The next time I met him was a year later at his residence in Delhi. I had reached a bit earlier before the appointment time and he was not at home. Perhaps it was his daughter who opened the door and asked me to wait in the drawing room. Only five minutes later Shahabuddin Saheb arrived himself driving his old Fiat. This was a brief meeting.
The third time I met him was in London when I interviewed him for Impact International, perhaps in 1989, at the residence of his brother-in-law (behnoi), late Dr Majeed Saheb, a known orthopedist.
After the interview, I travelled with him from North London to Central London where a press conference had been arranged for him. During the journey, I noticed him close his eyes and whispering Kalima. I have a feeling that this was his habit and routine to remember Almighty like this in his free moments but I doubt anyone except his family members would have ever seen him in this mood.
His writings and speeches speak for his courage and commitment to milli causes but the speech delivered by him in the Parliament in the wake of the infamous Moradabad Riot 1980 and the article in Sunday, then edited by M.J. Akbar, are in particular glaring examples of his fearlessness and love for the millat.
It is said that hard times are the real tests of someone’s real metal. What could be a tough time for him than the death in mysterious circumstances of his only son, a scientist, in US? But even after this tragedy he continued his milli activities as before.
Having served as a diplomat and as a politician he had seen the real faces of all those wearing secular masks. An interview with Urdu Sahara tells it all how he felt and how he wanted the Indian Muslims to adopt and evolve a new election strategy.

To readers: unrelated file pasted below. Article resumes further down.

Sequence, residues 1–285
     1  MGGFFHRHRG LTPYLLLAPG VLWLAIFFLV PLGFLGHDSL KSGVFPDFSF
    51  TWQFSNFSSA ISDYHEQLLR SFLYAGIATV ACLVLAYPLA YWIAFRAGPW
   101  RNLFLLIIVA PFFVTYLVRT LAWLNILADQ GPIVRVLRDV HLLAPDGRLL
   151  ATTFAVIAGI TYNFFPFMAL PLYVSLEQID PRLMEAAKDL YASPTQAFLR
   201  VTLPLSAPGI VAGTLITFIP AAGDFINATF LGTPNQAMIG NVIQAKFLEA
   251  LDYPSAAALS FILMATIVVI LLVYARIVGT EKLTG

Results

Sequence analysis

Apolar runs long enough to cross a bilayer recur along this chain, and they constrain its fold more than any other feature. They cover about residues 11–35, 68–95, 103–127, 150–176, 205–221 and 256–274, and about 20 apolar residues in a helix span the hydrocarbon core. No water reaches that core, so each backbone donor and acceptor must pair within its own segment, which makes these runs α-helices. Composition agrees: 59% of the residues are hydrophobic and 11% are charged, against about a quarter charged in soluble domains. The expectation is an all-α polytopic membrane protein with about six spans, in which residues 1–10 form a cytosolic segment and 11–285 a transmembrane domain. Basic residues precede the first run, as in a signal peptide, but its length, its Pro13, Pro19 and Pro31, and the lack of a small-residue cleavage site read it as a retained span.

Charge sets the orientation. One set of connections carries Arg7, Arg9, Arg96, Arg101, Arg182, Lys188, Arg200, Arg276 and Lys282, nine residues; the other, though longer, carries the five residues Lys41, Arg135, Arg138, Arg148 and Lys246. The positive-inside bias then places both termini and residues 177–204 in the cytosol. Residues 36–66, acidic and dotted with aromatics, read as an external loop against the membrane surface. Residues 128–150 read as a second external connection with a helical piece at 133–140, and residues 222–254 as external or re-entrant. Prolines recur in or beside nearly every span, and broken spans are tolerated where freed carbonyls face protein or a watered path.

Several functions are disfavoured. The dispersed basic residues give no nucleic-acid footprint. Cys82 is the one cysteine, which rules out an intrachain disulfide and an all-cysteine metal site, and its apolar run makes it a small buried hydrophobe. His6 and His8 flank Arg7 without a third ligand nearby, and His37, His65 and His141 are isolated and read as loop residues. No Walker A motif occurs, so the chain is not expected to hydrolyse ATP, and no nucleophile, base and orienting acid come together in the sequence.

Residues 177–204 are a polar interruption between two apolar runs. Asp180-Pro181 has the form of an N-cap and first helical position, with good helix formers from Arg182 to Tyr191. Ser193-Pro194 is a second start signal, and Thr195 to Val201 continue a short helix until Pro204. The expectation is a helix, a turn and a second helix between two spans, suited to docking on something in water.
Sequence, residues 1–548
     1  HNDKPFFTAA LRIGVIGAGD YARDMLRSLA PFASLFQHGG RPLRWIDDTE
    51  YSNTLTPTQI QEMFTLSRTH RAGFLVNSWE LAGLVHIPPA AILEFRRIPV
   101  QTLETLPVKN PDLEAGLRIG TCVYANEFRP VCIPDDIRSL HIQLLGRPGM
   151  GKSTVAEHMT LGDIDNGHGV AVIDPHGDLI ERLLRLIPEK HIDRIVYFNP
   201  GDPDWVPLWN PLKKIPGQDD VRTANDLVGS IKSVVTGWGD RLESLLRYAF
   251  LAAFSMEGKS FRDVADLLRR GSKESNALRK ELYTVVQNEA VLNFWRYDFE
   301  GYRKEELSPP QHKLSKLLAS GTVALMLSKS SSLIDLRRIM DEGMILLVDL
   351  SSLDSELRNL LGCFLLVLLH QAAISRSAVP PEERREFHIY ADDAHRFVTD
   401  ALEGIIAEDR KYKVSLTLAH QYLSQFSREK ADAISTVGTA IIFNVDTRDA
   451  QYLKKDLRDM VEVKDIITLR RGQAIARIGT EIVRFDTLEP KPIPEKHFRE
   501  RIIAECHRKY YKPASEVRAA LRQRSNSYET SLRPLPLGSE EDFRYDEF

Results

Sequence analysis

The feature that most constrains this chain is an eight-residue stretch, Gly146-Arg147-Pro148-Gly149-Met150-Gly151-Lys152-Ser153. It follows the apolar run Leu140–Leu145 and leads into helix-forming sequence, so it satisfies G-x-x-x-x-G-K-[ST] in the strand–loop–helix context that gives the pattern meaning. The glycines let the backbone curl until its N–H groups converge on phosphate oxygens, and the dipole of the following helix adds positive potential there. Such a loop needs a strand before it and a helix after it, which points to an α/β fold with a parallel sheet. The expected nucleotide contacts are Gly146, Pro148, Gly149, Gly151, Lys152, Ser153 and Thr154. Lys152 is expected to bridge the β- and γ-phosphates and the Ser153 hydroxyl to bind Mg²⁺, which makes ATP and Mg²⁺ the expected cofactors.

I recall how many in the community accused him of collecting crores of rupees for Muslim India. In the 80s some even spread the rumor that he was a RSS agent serving their agenda and that out of their love for him some RSS activists had even hung his photographs in their houses. Incidentally the story was written as a satire in a gossip column by a young Muslim journalist in the Telegraph. The column didn’t have a byline. The journalist in question himself confided to me that he was the source of the story. But since it served the agenda of some who saw Shahabuddin Saheb as a threat to their interests circulated the nonsense as a Gospel Truth. A friend who is no more told me even a far more bizarre and ridiculous story mentioning his source someone high in the Congress with dodgy record. May Allah bless him he later refused to believe the absurdity that I do not want even to mention here.